We investigated the shallow structure of the Solfatara, a volcano within the Campi Flegrei caldera, southern Italy, using surface waves as a diagnostic tool. We analysed data collected during the RICEN campaign, where a 3-D active seismic experiment was performed on a dense regular grid of 90 m × 115 m using a Vibroseis as the seismic source. After removal of the source time function, we analysed the surface wave contribution to the Green's function. Here, a 1-D approximation can hold for subgrids of 40 m × 40 m. Moreover, we stacked all of the signals in the subgrid according to source-receiver distance bins, despite the absolute location of the source and the receiver, to reduce the small-scale variability in the data. We then analysed the resulting seismic sections in narrow frequency bands between 7 and 25 Hz. We obtained phase and group velocities from a grid search, and a cost function based on the spatial coherence of both the waveforms and their envelopes. We finally jointly inverted the dispersion curves of the phase and group velocities to retrieve a 1-D S-wave model local to the subgrid. Together, the models provided a 3-D description of the S-wave model in the area. We found that the maximum penetration depth is 15 m. In the first 4 m, we can associate the changes in the S-wave field to the temperature gradient, while at greater depths, the seismic images correlate with the resistivity maps, which indicate the water layer close to the Fangaia area and an abrupt variation moving towards the northeast.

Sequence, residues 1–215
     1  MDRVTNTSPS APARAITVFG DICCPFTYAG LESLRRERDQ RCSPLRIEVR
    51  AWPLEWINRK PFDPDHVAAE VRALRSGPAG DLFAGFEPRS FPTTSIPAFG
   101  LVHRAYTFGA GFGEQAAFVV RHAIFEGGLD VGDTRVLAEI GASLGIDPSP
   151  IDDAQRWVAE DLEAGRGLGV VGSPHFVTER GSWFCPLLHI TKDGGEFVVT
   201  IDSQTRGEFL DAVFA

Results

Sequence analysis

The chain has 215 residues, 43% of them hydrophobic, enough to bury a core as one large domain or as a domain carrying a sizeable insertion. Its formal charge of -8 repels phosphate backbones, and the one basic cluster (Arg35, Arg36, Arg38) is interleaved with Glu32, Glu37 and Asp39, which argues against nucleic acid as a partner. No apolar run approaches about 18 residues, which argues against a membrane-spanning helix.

10. The origin of a zoned ignimbrite: Insights into the Campanian Ignimbrite magma chamber (Campi Flegrei, Italy)

    NASA Astrophysics Data System (ADS)

    Forni, Francesca; Bachmann, Olivier; Mollo, Silvio; De Astis, Gianfilippo; Gelman, Sarah E.; Ellis, Ben S.

    2016-09-01